If Benni is to have the freedom of the skies, recall training is essential. During our evening sessions, Benni has mastered the recall. He’ll fly from my arm and back to a designated perch. The reward is a silver of nut. His feeding bowls never contain nuts.
He has two other tricks taught by capturing, the first is spectacular (see below.)
Capturing is waiting for a behaviour that a bird does spontaneously and then rewarding it and putting it on cue.
The trick is Benni flies to the ropes across the ceiling and swings on one leg. Once I caught him doing that and praised him by yelling wow and clapping. He’ll now perform that behaviour if I point him to the ropes and say, ‘One leg, Benni.’
The second behaviour behaviour is a wave. I say Ha and lift a finger and Benni responds by lifting a claw.
Benni makes it clear when he has done enough recalls by flying to the picture rail. That’s my signal to bring out the cloth to cover the carpet and his toy basket. This contains products from the charity shop and chewables I get from Northern Parrots. He plays by himself or with me for up to an hour.
From my notes Benni at 20 weeks
Milestone in training tonight
First time Benni flew from one perch to another on command. Distances about 4 metres. Then just a few reps between me and a perch. He soon got tired of concentrating and we played together. Then a long cuddle. One of the people whose opinion I cherish advised me that cuddles won’t make a baby Macaw too dependent. Anyway Benni was put to bed as usual at 6pm.
At 7.30 he arrived back in the sitting room. His cage top is permanently open and dozy Dot had forgotten to close the conservatory door and turn off room lights. So Benni negotiated a room and two corridors in the dark to socialise. So we had a second cuddle for thirty minutes and I took him back.
Trips on harness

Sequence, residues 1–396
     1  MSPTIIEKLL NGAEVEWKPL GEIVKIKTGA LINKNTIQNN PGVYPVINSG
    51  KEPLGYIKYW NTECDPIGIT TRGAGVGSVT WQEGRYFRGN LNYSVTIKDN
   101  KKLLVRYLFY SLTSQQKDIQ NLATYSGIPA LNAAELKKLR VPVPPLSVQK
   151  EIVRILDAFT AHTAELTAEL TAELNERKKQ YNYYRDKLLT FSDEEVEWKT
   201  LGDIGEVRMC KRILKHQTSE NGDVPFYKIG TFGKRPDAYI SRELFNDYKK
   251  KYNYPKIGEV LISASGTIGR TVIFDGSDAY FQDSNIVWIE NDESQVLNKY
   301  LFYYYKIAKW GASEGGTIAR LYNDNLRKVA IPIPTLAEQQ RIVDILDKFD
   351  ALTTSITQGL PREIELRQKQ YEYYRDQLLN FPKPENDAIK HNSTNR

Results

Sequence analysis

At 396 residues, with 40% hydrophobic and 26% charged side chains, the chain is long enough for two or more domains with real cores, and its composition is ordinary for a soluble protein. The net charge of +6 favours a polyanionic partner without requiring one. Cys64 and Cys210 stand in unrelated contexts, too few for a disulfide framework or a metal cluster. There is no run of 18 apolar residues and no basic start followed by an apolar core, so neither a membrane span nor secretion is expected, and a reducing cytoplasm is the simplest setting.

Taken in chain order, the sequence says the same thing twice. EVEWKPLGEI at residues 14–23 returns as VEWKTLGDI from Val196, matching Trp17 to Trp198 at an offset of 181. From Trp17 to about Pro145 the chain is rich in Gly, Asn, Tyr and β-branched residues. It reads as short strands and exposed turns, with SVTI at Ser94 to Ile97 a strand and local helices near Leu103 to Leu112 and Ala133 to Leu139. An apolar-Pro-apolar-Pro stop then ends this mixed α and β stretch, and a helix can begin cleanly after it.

Some experts claim that Parrots taken outdoors suffer stress. My answer is that in the wild they’d experience varied vistas every day so why are captive birds condemned to the same four walls? If you take out young birds regularly, they grow to love their outings. All my pet birds enjoy outings.
Benni has been to the fruit shop several times. The first visit was a disaster. A lady customer had a bird phobia and ran out screaming. We apologised profusely as she gained the safety of her car.
She was an exception, as most people are delighted to meet a baby Macaw.
Benni’s first country walk was also tricky; I fell down twice in the mud, managed to keep hold of the harness leash but Benni had a nasty fright and acted quite subdued indoors for a while. The next walk was fine. We kept to dry ground and went along a road as well. Apart from my slight worry as drivers craned their necks passing us, Benni remained calmly on my wrist or shoulder. He didn’t spook when tractors trundled or fast cars whizzed past. I claim no credit for this as I believe he has an inherently calm nature.
Safe flight outside
We haven’t attempted anything outside yet, although I’ve been told of Macaws flying outside at 5 to 6 months. A kind local farmer has allowed us to use his enormous barn stacked with straw, tractors and two alpacas in a loose box. We have been visiting that a couple of times a week for 6 weeks.
The first visits worried Benni. He flew to the top of a loose box and would not recall. Then after a few more visits he began to explore the straw stacks and the barn itself. He did not recall readily to my hand. On one occasion, my 11 year old granddaughter climbed up the straw stack at least ten metres high and brought down the recalcitrant Macaw.
Asking for advice from other free fliers, their views were not unanimous. Two experts said the barn visits should cease as I was teaching Benni latency. That is a bad habit – the bird doesn’t respond to the cue or responds too late. Only a couple of friends said that Benni was having fun exploring and what was the harm? That was how I felt.
After a few more visits, Benni would fly a few times to my arm or to the arm of anyone I had with me, then he would fly to the top of a straw stack and play. He had to be cajoled or even coerced. I showed him a long stick that he did not like the look of and he flew down lower and then would step up.
I know well that for training, the bird should be eager for food treats. It’s very hard to achieve in our set up where the birds have free feeding. So I shut Benni in the cage after breakfast before barn visits at midday. Last week, Megan, a young Parrot lover who knows Benni, came with us to the barn. She enchanted Benni, who flew many times between us before he decamped to the top of his favourite stack. Then we hid and he came to find us.
On our latest visit, Megan’s boyfriend came too. Benni was overcome with delight; the young man had a tiny preenable beard and a woolly hat.
When he would not fly down to us we hid and he came to find us.
If I were brave, I might try this strategy in the garden, letting Benni fly into a tree and then calling him.
But I intend to carry on with the barn and the indoor recalls for a while longer and until the weather is warmer.
Read about more of Benni’s progress here.